Exhibit: Ed Craney—the Voice of Montana
In the early days of radio, people responded to the emerging communication medium by forming radio clubs. Members who passed government wireless tests experimented with spark and coil stations, tested transmission ranges, and dabbled with early programs. These enthusiasts valued information exchange in a world minimally tied to broader outlets.
As local businesses realized the marketing potential of radio, broadcasting became more centralized. Government regulations reserved better frequencies for formally organized broadcasting radio stations supported by advertising revenue, and stations delivered timely reports and professional programs to their listeners.
There were distinct advantages to professionalization and to the centralization of information exchange. Broadcasters could not simply rely solely on emotional rhetoric or shared bias. They structured information and programming more consistently and streamlined information for clarity and ease of dissemination, and reputation became more valuable.
Disadvantages, however, included diminished regional identity, loss of shared local memory, and-most detrimentally-a limited ability to affect change through the simple exchange of evidence.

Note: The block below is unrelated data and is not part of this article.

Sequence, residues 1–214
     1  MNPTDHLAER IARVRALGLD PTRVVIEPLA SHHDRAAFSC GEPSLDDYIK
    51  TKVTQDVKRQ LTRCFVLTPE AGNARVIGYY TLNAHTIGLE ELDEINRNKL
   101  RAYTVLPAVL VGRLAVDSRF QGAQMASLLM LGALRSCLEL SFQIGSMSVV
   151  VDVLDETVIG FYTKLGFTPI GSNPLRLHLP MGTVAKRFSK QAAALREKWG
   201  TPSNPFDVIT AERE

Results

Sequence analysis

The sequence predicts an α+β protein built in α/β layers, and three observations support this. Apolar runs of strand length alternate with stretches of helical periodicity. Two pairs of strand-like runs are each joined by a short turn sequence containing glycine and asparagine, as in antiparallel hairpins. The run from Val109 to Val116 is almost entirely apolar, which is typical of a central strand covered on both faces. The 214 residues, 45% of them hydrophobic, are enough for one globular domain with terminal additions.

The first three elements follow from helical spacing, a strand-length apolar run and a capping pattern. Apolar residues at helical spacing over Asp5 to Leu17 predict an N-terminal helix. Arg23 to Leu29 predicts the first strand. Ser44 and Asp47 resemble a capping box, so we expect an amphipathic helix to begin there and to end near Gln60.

Early telecommunication professionals with regional investment, such as Ed Craney, understood these realities and took steps to minimize their impacts. Local programs, news reports, and state government broadcasts shared the airwaves with syndicated shows. Craney's local connections tethered him to the values, concerns, and interests of his fellow Montanans even as he advocated for their access to national and international news.
In 2015, the Greate Montana Foundation studied the methods and mediums Montanans use to seek and receive news. The study revealed that Montanans continue to "[rely] on traditional television, radio, and newspaper sources," including the web presence these organizations support for reliable news. While Montanans receive news through social media this type of exchange often introduces information which many Montanans find circumspect.
As a historical society, we look to the past for models that shape our values and concerns. In an era of questionable source credibility and shifting information literacy, it is helpful to rely on models of information exchange developed by previous generations. We can consider the world and issues faced by earlier generations, reflect on the choices they made, and ask critical questions about the information we receive.